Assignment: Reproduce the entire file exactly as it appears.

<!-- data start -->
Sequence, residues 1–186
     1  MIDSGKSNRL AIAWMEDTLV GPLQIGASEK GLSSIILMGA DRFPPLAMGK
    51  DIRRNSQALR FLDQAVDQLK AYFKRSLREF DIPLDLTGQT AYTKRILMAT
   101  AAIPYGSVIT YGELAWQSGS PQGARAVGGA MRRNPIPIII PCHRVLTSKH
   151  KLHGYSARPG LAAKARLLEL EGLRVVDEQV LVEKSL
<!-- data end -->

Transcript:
Sequence, residues 1–186
     1  MIDSGKSNRL AIAWMEDTLV GPLQIGASEK GLSSIILMGA DRFPPLAMGK
    51  DIRRNSQALR FLDQAVDQLK AYFKRSLREF DIPLDLTGQT AYTKRILMAT
   101  AAIPYGSVIT YGELAWQSGS PQGARAVGGA MRRNPIPIII PCHRVLTSKH
   151  KLHGYSARPG LAAKARLLEL EGLRVVDEQV LVEKSL